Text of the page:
Designing a Multistage BJT Amplifier

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Thread Starter

ap30

Joined Aug 7, 2020
10
Hi,

So for my final project I was tasked with designing an amplifier to follow these specifications:
1596836811447.png

I was hoping someone could help.

Thanks in advanced.
 

ronsimpson

Joined Oct 7, 2019
1,017
Please give it a try.
We know the input and output are AC coupled. So draw capacitors at input and output. The input cap can be small because the impedance >20k. The output cap is large because the load is 600 ohms. Note it must pass 20hz. Do you know how to choose the capacitor?

I know you can not use a op-amp. But you can start out with a op-amp and get the gain of 50, the input capacitor and output capacitor parts working. Then go beck and design a simple 3 stage op-amp circuit using transistors.

There is a comment about 3 stages. Input, gain, output.
The output stage needs to pull almost to 0V and almost to 10V.

Do some part if this and come back and ask questions.
 

Thread Starter

ap30

Joined Aug 7, 2020
10
Please give it a try.
We know the input and output are AC coupled. So draw capacitors at input and output. The input cap can be small because the impedance >20k. The output cap is large because the load is 600 ohms. Note it must pass 20hz. Do you know how to choose the capacitor?

I know you can not use a op-amp. But you can start out with a op-amp and get the gain of 50, the input capacitor and output capacitor parts working. Then go beck and design a simple 3 stage op-amp circuit using transistors.

There is a comment about 3 stages. Input, gain, output.
The output stage needs to pull almost to 0V and almost to 10V.

Do some part if this and come back and ask questions.
So I've done this is the schematic i made, I know we have to go CC CE CC but im not sure what values i should make the resistors and capacitors.
1596839916679.png
 

ronsimpson

Joined Oct 7, 2019
1,017
Good. Do you have "spice" so you can build the amplifier in your computer?
"three stages" I think you can use more than three transistors.
Q1 has a voltage gain of 1, Q3 has a voltage gain of 1, so all the gain must be in Q2. I think you need some gain in Q1.

Look up simple audio amplifiers on the internet. Here is an example of what you will find. They use power transistors in the output stage because they are driving 8 ohm load. You can use the 2n3904 & 2n3906 transistors because your load is 1k or 600 ohms. Take 470 to 4700 and 3.3 to 33.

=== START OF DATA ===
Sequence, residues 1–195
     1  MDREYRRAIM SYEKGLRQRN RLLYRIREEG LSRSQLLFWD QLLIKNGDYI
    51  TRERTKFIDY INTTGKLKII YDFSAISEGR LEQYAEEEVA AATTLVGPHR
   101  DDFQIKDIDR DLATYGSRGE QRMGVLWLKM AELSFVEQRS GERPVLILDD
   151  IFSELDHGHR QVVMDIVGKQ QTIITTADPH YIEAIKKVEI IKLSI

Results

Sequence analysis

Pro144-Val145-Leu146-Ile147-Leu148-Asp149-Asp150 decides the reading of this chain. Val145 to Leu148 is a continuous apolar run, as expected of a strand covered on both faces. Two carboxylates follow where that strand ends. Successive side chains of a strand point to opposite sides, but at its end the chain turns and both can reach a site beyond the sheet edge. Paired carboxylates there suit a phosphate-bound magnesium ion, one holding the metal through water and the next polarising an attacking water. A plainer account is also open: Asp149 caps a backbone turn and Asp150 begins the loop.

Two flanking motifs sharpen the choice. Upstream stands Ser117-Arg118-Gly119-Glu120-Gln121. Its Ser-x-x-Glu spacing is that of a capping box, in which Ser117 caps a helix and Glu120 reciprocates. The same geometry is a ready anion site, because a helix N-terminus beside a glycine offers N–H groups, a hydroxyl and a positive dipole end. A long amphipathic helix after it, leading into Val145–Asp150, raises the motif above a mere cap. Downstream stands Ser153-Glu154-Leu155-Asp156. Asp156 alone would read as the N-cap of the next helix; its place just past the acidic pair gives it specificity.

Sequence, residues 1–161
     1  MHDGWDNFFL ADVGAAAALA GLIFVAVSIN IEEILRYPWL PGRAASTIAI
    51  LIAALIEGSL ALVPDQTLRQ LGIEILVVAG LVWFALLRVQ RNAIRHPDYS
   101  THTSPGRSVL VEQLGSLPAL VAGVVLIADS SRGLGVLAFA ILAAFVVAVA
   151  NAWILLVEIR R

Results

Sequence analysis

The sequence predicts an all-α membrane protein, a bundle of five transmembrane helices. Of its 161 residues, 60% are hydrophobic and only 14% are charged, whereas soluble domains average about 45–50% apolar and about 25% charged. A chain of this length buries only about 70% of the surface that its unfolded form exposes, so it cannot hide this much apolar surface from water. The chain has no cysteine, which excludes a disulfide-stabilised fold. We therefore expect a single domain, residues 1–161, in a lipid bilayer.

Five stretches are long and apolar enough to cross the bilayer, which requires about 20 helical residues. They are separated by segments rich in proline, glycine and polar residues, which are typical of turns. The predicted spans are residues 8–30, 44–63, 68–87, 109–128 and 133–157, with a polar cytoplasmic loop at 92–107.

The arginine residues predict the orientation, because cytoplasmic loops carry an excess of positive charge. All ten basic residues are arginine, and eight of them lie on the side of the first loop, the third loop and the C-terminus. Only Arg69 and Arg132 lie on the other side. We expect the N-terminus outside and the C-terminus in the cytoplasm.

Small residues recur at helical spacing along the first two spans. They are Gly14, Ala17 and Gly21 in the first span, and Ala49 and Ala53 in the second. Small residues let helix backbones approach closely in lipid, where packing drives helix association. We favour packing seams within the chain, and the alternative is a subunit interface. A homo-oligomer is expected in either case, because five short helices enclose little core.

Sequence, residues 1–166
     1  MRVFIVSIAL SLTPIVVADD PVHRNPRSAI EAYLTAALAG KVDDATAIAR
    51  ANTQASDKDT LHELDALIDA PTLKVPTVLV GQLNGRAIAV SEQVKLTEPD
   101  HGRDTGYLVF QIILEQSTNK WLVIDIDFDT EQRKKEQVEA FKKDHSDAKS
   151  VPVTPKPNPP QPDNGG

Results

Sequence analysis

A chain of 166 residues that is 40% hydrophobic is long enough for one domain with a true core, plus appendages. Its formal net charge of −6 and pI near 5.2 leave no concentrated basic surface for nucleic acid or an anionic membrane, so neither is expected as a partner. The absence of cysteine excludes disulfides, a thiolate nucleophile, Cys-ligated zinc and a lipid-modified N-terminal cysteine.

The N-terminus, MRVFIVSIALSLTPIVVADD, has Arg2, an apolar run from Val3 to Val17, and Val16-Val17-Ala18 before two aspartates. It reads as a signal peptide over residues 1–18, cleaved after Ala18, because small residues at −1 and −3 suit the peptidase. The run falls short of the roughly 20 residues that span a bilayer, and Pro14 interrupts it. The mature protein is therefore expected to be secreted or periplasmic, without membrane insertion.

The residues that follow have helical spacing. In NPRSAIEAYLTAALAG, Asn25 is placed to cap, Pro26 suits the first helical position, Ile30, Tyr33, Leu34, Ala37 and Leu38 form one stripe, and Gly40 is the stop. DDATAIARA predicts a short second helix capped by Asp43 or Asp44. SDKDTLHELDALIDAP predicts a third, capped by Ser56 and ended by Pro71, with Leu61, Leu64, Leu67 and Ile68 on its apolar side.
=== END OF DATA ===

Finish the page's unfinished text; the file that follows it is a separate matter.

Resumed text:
This amp does not have enough gain. (only two stages) But it is a good place to learn from.
1596842842735.png
 

Thread Starter

ap30

Joined Aug 7, 2020
10
Im using Multisim to build them. I just wanted to ask again but what values should I use for my capacitors. Thanks a lot.
 

ZCochran98

Joined Jul 24, 2018
96
Your capacitor choices should be made based on your bandwidth requirements. Keep in mind: the coupling capacitors (which you can choose, thankfully) typically set your low frequency cutoff, and the parasitic capacitors (the ones inherent in the transistors themselves - usually pretty small) are typically responsible for high-frequency cutoff. So think to yourself: how is a cutoff frequency related to capacitance? Does it go up or down as a capacitance is increased or decreased?

In the meantime, the resistor choices are much harder to do: you need to choose them to satisfy your current requirements, gain requirements, input/output impedance requirements, and assist with the low and high frequency cutoff point requirements.

I would recommend you focus first on the component values for the common-emitter stage first, then move onto the common-collector stages (as they're pretty simple, comparatively). Write up all the equations you know, fill in the blanks with values you know (like requirements or pre-guessed components), and proceed from there. At some point, you may just need to "just decide" a component value to go on - choose one based on previous experience or example.

Also keep in mind: you can cascade multiple common-emitter stages if necessary to get your gain up to the required point. Considering that it's a low gain of 50, it should be achievable with a single common-emitter circuit.

As a side comment, Multisim, thankfully, is a wonderful environment to tinker around with circuitry. Personally, I find it infinitely easier to use than LTSpice. Come up with a basic idea or design, then tweak values as necessary.
 

ronsimpson

Joined Oct 7, 2019
1,017
Did you study this in class?
input resistance no smaller than 20K
Supply=10V. 2N3904 current gain larger than 100.
Set Q1 base=2V (I just picked a number)
Just to keep the math simple R2=2k, R1=8k total = 10k. Do you see how that works?
R3 will change things a little. If R3=1k and the gain is 100 then the Base will look like 100k to ground. (Ask questions)
100k parallel with R2=2k. So the 100k will not change things much.
Do some math: what is the impedance at the input of the amp? Tell me how do you do this.
1596855541456.png
How will you change the values of R1...R3 so you have a value larger than 20K. You can pick any number. 40k,100k, 25k...

Now to find the value of C1:
Some where you have a formula for F=1/(something)*(something)*R*C. Find that formula in your book.
F= must be smaller than 20hz. So pick a number. 10hz
R= the input impedance of the input state. (larger than 20k)
C=? That is the unknown

If you get really lost; run the simulation. Do only this one transistor circuit. (frequency sweep from 10hz to 100khz) See what happens. Change the value of C1 and see what happens to the frequency response at the low end.
 

MrAl

Joined Jun 17, 2014
7,849
So I've done this is the schematic i made, I know we have to go CC CE CC but im not sure what values i should make the resistors and capacitors.
View attachment 214230
Just a quick question for you...